- Katy Ainslie-Wallace, LPC, SAC
Anxiety: What it is, What it Looks Like, and What to Do About it
Anxiety is that feeling of being worried or fearful.
It can feel different for everyone, and can vary in intensity due to a number of factors. Often times, we push through the anxiety of something by chalking it up to nerves because we know things will turn out just fine.
But what do you do when those nervous feelings turn into nervous thoughts or ideas, and then it spirals into avoiding situations or isolating yourself?
We all know someone, or maybe it’s you, that has cancelled plans at the last minute, declined that invite to a party, or procrastinated on finishing a big project. Some of us can use that anxiety as fuel to be motivated. Some of my best work is done at the last minute! (Okay, it may not be done “well”, but it’s done!) Sometimes we use that anxiety to just get whatever it is over with because we know we will feel better once it’s done. Sometimes, though, anxiety can take over and completely change our lives… because we let it.
Now, I know some of you are saying, “I didn’t choose this!” And you’re partly right! No one wants to live in fear. But think back to the first time you cancelled plans, or skipped an assignment, or avoided something that was difficult: You laid a path... one with the least resistance. Your brain said, “thank you,” and waves of relief probably enveloped you. For a time you felt relief, but then another time came, and you chose to do the same thing again because, damn it, you felt better last time! And that is how we build a pattern. We validate that our fear or worry is true, and it becomes insurmountable.
So, now what? Well, you forged a path in your brain that you took over and over again. That path is so well worn that you could walk it with your eyes closed. And most likely you do. Most likely, you now isolate, avoid, distract, and do any other number of things, except that which scares you. Which kinda works, but has also most likely left you wanting more from life, but not sure how to move forward.
First things first… do what scares you.
Think back to a time when you did something similar that you were worried, anxious, or afraid to do. How did it turn out? Did you die? No? Sweet. You probably won’t die this time either. (Unless it’s jumping out of planes and such. Don’t do that.)
Break it down into small steps. Are you anxious about going out to large places with lots of people? Start small. Go to a small coffee shop that’s kinda, sorta busy. Sit in the corner with your latte, and just observe from a safe corner. Notice that you are doing it, and that nothing bad is happening.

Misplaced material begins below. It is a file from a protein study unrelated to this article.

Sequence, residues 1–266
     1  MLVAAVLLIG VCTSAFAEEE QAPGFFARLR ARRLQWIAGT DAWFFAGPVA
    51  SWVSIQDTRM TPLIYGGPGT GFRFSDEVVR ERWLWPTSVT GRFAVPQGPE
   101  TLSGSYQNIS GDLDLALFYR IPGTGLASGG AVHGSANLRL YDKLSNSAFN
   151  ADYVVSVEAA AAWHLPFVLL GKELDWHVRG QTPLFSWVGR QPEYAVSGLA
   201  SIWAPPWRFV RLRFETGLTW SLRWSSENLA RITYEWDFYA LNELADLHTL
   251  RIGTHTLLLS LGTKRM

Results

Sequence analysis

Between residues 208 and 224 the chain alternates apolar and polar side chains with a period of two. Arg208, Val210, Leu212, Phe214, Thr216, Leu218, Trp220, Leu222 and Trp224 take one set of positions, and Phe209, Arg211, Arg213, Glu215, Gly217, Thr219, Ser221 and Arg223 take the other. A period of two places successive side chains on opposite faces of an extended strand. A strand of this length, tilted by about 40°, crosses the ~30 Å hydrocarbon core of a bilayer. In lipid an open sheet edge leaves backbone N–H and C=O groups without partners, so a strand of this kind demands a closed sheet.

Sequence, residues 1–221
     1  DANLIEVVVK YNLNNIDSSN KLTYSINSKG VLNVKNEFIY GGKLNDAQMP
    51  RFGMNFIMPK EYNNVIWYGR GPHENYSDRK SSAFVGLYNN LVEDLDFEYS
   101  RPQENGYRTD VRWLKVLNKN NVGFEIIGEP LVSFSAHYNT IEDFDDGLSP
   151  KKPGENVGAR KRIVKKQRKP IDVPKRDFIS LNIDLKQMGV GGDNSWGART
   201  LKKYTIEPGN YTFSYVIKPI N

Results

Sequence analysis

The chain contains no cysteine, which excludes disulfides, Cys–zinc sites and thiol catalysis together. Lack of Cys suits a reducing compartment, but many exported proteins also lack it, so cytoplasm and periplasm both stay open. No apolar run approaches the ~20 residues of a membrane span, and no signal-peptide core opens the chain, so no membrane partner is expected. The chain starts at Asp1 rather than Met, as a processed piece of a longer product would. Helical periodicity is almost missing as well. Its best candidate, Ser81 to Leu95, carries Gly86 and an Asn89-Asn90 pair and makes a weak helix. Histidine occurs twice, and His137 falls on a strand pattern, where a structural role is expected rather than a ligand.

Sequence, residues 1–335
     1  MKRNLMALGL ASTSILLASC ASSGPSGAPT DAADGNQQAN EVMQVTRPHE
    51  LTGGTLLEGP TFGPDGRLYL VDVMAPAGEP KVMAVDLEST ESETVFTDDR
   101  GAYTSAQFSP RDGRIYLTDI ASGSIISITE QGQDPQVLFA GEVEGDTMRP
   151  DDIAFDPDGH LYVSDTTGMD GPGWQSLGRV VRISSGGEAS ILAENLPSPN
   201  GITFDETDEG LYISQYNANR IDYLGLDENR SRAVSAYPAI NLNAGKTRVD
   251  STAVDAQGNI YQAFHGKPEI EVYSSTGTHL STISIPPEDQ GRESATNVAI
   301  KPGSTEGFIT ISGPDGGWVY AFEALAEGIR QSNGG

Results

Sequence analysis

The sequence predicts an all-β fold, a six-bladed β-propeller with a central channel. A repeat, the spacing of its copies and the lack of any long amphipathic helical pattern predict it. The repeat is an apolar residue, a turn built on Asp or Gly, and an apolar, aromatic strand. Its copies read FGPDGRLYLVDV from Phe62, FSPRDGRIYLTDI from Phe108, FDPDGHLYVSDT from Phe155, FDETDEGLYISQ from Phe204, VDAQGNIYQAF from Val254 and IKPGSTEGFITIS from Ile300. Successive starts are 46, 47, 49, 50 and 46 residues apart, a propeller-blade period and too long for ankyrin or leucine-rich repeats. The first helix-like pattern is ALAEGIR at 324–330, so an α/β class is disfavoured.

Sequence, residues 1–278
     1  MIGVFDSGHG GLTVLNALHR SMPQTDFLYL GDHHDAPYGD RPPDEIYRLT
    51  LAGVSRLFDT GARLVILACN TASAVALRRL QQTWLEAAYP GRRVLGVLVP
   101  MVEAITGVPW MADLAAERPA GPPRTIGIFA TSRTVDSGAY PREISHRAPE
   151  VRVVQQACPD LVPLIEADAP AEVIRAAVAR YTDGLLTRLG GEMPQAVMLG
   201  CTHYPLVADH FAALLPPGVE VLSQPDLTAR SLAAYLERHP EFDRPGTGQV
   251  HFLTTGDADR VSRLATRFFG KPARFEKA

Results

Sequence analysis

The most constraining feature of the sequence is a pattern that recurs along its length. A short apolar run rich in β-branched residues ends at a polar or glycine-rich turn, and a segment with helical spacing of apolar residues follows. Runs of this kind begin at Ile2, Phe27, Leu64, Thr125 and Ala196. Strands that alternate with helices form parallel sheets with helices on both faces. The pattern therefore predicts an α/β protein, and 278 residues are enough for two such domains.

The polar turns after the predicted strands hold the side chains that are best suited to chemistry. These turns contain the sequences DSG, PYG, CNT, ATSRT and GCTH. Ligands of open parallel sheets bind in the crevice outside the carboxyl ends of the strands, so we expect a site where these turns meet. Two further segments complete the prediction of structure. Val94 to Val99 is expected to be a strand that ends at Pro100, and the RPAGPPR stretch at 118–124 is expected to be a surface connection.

Do it for a little bit. Try for 1 minute. Or 2 minutes. Whatever the task is, just tell yourself you’ll do it for a set amount of time. Often times you will discover that it’s not so bad, and you’ll complete whatever it is you are doing!
If you are feeling anxious in a meeting or class, rather than leaving, try to sit with the anxiety. Ground yourself by noticing where you feel your body touching the chair, or the floor. Take a deep breath. Find objects in the room and describe them with annoying detail. Find some way to distract yourself away from anxious thoughts.
Challenge the thoughts! Ask yourself if the facts fit, or if you are making up stories. You will never know what someone is thinking, you can’t predict the future, and you won’t know unless you try! Check out this info on thought challenging.
Take a deep breath. When we become anxious, our body recognizes that we are feeling stressed, and it kicks in out fight or flight system. This system is looking for danger, and is amping our body up to either fight or flight. To calm it down, take deeeeeep breaths. Deep breaths activate the parasympathetic system that releases hormones that tell our body that things are fine. Here’s a nice infographic on why the breath is so important.
So, give some of these things a try when you feel anxious or worried. If your anxiety has gotten you to the point where you need some help, reach out! Anxiety can be debilitating, but conquering it can be empowering.
If you are interested in scheduling an appointment with Katy, you can reach her via email: email@example.com
or call our intake line: 608-709-6972
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[This article does not create a client-counselor relationship. This article is general counseling information and is not to be considered legal or medical advice. Please consult with your mental health professional before you rely on this information.]
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